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Set Your Teen up to Be a Great Communicator

10/24/2016 10:48:44 PM

When I first set foot on the campus of the University of Wisconsin-Eau Claire, I realized for the first time what life was about. Money? No. A successful career? No. Any guesses?
I grew up in a smallish town in Wisconsin, where I knew everyone and they all knew me. Most of my relatives lived close by, too. Most of my friends were within walking distance (none of this having to arrange play dates!). It was quite the feeling of security.
After my parents dropped me off on that first day of my freshman year, I quickly realized my life would never be the same. Now, my future would be more influenced by the new people I would meet. Most of my friends had scattered to other colleges, and my family was now a six-hour drive or a three-dollar per minute long distance call away. On a campus of 12,000, I knew only three and felt like the letter “D” in a bowl of alphabet soup. My only consolation was that everyone else was in the same boat, trying to figure it out just like me. 
Even now, with inventions like FaceTime and Skype so easily accessible, it still can feel hard to stay connected in a real way.
That’s why it’s imperative that we help develop strong relational skills in our teens. This will prepare them for this major adjustment and new reality. Their happiness and success, both personally and professionally, will be heavily influenced by their networks, relationships and communications with others. Consider the host of new relational spheres they’ll be experiencing in coming years:
  • College—fellow students and faculty
  • Career—supervisors, peers, subordinates, clients, prospects, service providers
  • Friends—preserving long-term relationships and building new ones
  • Love—a potential spouse along with his/her family
  • Community—service and recreational organizations
Clearly, many new relationships will be formed! And, as we become a more mobile workforce with shorter career stints, that means more relocations, more transitions, and more relationships to build. “Starting over” multiple times in one’s life is rapidly becoming the new normal. All of this puts relationship-building skills at a premium.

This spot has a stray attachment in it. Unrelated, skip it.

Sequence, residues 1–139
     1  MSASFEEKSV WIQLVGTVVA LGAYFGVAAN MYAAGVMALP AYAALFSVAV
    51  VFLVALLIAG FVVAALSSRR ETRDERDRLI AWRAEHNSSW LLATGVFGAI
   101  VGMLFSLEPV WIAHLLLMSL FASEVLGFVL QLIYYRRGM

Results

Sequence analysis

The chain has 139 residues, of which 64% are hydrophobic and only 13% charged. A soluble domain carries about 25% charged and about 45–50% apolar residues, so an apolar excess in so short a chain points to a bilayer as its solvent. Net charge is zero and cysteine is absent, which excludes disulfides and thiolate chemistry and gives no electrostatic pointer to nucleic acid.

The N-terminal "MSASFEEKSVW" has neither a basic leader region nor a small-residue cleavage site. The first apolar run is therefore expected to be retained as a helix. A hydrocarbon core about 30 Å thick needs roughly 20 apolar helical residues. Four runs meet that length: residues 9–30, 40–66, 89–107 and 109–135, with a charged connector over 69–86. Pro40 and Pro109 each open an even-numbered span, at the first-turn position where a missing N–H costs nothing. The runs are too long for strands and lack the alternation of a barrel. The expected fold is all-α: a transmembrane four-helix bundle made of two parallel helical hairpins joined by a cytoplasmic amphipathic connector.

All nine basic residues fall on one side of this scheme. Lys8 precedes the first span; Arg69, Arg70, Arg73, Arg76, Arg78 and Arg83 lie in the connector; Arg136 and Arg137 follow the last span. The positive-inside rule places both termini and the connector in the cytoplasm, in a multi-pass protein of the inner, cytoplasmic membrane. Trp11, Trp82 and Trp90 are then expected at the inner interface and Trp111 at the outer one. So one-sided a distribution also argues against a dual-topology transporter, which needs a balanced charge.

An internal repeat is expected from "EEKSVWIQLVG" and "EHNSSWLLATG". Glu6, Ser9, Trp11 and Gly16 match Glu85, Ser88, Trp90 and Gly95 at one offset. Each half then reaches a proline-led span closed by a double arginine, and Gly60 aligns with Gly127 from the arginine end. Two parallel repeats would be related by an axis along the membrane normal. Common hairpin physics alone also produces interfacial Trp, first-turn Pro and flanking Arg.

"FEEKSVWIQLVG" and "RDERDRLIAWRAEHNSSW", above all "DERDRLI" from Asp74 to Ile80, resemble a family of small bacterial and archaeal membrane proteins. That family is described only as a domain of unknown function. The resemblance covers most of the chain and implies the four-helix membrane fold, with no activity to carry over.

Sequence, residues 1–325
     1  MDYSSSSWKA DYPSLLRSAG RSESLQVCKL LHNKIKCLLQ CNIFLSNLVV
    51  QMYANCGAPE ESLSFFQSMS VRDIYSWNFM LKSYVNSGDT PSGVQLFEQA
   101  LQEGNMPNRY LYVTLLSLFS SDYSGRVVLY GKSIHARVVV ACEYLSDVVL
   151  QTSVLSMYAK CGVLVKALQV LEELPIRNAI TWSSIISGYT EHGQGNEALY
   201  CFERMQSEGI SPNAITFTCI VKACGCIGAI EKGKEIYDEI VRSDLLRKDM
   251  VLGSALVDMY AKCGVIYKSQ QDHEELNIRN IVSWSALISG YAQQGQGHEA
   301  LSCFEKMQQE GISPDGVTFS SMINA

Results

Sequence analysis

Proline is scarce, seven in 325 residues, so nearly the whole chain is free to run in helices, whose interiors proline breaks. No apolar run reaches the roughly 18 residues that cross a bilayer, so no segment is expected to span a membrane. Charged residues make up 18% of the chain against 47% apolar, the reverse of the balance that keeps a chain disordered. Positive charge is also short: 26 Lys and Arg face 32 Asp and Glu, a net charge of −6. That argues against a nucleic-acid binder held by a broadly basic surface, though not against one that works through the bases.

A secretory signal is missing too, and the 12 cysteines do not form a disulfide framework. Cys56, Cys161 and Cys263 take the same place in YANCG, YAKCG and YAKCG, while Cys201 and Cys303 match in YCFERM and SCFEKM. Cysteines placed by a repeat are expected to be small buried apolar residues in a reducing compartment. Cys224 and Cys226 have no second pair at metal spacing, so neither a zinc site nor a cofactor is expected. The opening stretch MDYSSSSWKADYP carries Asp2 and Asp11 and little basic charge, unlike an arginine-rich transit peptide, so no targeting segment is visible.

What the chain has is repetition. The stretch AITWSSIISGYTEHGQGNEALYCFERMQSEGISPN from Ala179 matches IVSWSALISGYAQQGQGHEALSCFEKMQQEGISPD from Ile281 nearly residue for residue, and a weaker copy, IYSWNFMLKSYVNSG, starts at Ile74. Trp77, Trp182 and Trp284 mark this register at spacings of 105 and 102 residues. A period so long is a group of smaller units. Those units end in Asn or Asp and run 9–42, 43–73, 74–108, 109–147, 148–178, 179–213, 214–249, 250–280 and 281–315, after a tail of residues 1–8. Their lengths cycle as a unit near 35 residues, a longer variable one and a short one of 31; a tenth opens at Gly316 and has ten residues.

These first monumental transitions after leaving home and when we enter the workforce can be brutal, especially for those who’ve had nothing but stability. With that in mind, here are some key skills that will help your teen immensely.
  • Meeting new people with confidence and making a great first impression (Encourage positive body language, curiosity in others, nice manners, and great listening skills.)
  • Developing friendships patiently with people who share their values and interests (Encourage your teen to join clubs, causes, or faith groups, as this will surround him/her with like-minded people)
  • Understanding that everyone isn’t meant to be their friend and if they have to compromise their values to be someone’s “friend,” the friendship is not worth it
  • Being a positive and encouraging team player who can disagree respectfully after first understanding the views of others
  • Being able to accurately read the non-verbal cues of others; what expressions indicate boredom or irritation versus engagement and enjoyment?
  • Demonstrating an ability to express feelings and emotions in healthy ways (Instill in your teen the importance of self-control, self-worth, and building relationship capital based on trust before sharing too much with others.
It’s important that we help our children build solid relationship foundations, as it will set them up for interpersonal success as they embark on college, career and beyond. Remember, once they leave the nest and the community that came with it, their ability to communicate well and form new relationships will be critical to success in their new transition.

Tagged as: college, communication, relationships, teens, parenting, parenting for the launch, first impressions, interviews, career

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